Then, the participants were requested to put both forearms on support cushions and loading was applied for 30 minutes on the designated area on both arms at the same time; one arm was loaded with 3.5 kPa pressure (pressure alone); the other arm was loaded with 14.5 N shear (combined with 2.4 kPa pressure) [7]. This model, which enabled us to apply pressure and shear, was described in detail elsewhere [7].

Postload measurements with the Sebutape and laser Doppler were performed on both arms directly after loading and repeated after 5, 10, 15, 20, and 60 minutes. In each participant, the arm which received pressure and the arm which received shear (combined with pressure) were randomized.

2.5. Biochemical Analysis

The extraction of proteins from the Sebutape was based on a study by Perkins and colleagues [22]. Briefly, two millilitres (ml) of Phosphate-Buffered Saline was added to each Sebutape sample, sonicated for ten minutes and vortexed for two minutes.

IL-1α, EGF, and IL-33 concentrations in the samples were determined by commercially available enzyme-linked immunosorbent assay (ELISA) kits (DuoSet R&D Systems) with a detection range of 3.9-250 pg/ml for IL-1α and EGF and a detection range of 5.9-1500 pg/ml for IL-33. To determine IL-6 concentrations in our samples, ELISA with a detection range of 7.8-1000 pg/ml was used.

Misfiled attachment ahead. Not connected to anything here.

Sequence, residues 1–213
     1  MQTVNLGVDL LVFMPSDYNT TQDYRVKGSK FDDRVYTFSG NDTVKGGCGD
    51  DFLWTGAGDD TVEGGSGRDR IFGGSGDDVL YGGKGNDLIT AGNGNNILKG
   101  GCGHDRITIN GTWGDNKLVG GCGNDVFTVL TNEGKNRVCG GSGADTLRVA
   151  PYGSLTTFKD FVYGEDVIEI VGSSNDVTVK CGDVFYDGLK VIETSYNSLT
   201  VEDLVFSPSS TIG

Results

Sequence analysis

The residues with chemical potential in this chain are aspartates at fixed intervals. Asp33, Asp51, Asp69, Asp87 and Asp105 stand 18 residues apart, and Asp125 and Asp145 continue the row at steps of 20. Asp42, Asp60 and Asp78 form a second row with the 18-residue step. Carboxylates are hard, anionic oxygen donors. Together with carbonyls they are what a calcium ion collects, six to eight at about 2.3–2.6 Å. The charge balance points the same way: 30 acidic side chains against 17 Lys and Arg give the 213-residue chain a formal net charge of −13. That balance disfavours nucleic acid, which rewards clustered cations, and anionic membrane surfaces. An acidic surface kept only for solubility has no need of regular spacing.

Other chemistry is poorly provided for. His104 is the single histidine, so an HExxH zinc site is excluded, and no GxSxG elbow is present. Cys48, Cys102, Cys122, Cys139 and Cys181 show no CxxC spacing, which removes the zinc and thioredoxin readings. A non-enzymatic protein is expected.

2.6. Statistics

Statistical analysis was performed using GraphPad Prism 5 (GraphPad Software Inc., San Diego, CA) for Windows 10. Normality was tested with the D’Agostino Pearson Omnibus test. Data are expressed as mean with standard deviation (SD) when normally distributed or as (IQR) when not normally distributed.

The parametric paired -test or nonparametric Wilcoxon signed rank test was used to determine significance between pairwise comparisons. The parametric one-way ANOVA test followed by a Bonferroni post hoc correction or the nonparametric Kruskal-Wallis test followed by a Dunn multiple comparison test was used to determine significance between the groups. The parametric Pearson or the nonparametric Spearman rank test was used to determine the correlation between different variables. A value less than 0.05 was considered statistically significant.